Still, there was the time when the current and I went away for our first Christmas vacation, and he brought a copy of Heroes of Might and Magic III. He introduced me to the rules, we played a few games, and three hours later:

Him: “I love you, sweetie.”
Me: “I have no love for anything that doesn’t get me dragons. GOD DAMN PIT LORDS! STOP KILLING MY GRIFFONS!”

Some things don’t change.

* My dad’s school at the time had students do chores as punishment. I’m not sure if “play Nintendo with the Head’s kid” was on the list, but I have my suspicions.
**Using the three years’ worth of DOS commands necessary at the time. This was an imperfect system for many reasons, not least because the theoretical eldest daughter of your household could, hypothetically, in an attempt to free up memory for a game that rhymes with “grist”, decide that neither CONFIG.SYS nor AUTOEXEC.BAT looked like important files.

There were, as I recall, Words.

Secret of Monkey Island!

Kicking off my Romance in Video Games blogging with the extreme comedy end of the spectrum, here, and the Elaine Marley/Guybrush Threepwood romance definitely pulls some things you can’t get away with in anything more serious. Like confessing your love ten minutes after you meet someone: in a more serious game, I would have called shenanigans, but this is right after you use a staple remover on a giant angry yak. Plus, the dialogue involves the phrase “plunder bunny”, and that does not fail to crack me up.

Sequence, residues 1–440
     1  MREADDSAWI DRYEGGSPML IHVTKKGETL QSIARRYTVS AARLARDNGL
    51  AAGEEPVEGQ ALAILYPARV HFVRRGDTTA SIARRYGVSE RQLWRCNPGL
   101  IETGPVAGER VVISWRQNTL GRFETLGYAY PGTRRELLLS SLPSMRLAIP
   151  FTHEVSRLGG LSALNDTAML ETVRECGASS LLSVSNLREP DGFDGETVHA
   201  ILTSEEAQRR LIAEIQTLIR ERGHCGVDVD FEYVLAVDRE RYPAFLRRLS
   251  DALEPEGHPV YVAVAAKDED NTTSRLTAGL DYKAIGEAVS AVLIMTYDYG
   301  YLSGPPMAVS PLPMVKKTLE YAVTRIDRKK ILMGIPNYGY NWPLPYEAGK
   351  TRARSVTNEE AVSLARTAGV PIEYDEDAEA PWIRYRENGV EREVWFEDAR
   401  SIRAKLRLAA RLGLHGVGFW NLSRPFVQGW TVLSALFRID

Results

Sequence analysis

So, yeah, played for comedy–but it’s an example of how to do extremely comedic romance right.

For one thing, the comedy doesn’t revolve around the supposed differences between men and women. There is, in fact, a total absence of the stale-and-offensive Mars/Venus “humor” that frequently comes into play when dealing with heterosexual romance. It would have been relatively easy to make jokes about shopping or commitment, and nobody does. Thank God.